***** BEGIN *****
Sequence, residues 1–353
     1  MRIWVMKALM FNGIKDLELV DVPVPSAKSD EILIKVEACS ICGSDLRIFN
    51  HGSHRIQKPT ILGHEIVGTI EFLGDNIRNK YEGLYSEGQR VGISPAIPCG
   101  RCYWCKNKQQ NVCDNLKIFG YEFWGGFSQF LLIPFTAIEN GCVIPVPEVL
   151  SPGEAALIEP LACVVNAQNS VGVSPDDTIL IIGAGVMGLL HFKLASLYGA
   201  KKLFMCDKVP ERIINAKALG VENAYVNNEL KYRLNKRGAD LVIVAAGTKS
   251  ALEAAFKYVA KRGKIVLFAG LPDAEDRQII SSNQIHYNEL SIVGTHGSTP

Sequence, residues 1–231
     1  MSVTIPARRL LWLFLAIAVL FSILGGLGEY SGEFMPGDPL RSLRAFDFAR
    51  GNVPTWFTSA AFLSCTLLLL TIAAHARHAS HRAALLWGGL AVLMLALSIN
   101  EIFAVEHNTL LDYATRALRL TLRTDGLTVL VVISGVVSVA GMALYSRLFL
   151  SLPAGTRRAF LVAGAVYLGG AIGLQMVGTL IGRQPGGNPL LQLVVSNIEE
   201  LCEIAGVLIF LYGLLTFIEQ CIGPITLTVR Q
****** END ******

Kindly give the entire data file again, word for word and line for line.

Sequence, residues 1–353
     1  MRIWVMKALM FNGIKDLELV DVPVPSAKSD EILIKVEACS ICGSDLRIFN
    51  HGSHRIQKPT ILGHEIVGTI EFLGDNIRNK YEGLYSEGQR VGISPAIPCG
   101  RCYWCKNKQQ NVCDNLKIFG YEFWGGFSQF LLIPFTAIEN GCVIPVPEVL
   151  SPGEAALIEP LACVVNAQNS VGVSPDDTIL IIGAGVMGLL HFKLASLYGA
   201  KKLFMCDKVP ERIINAKALG VENAYVNNEL KYRLNKRGAD LVIVAAGTKS
   251  ALEAAFKYVA KRGKIVLFAG LPDAEDRQII SSNQIHYNEL SIVGTHGSTP

Sequence, residues 1–231
     1  MSVTIPARRL LWLFLAIAVL FSILGGLGEY SGEFMPGDPL RSLRAFDFAR
    51  GNVPTWFTSA AFLSCTLLLL TIAAHARHAS HRAALLWGGL AVLMLALSIN
   101  EIFAVEHNTL LDYATRALRL TLRTDGLTVL VVISGVVSVA GMALYSRLFL
   151  SLPAGTRRAF LVAGAVYLGG AIGLQMVGTL IGRQPGGNPL LQLVVSNIEE
   201  LCEIAGVLIF LYGLLTFIEQ CIGPITLTVR Q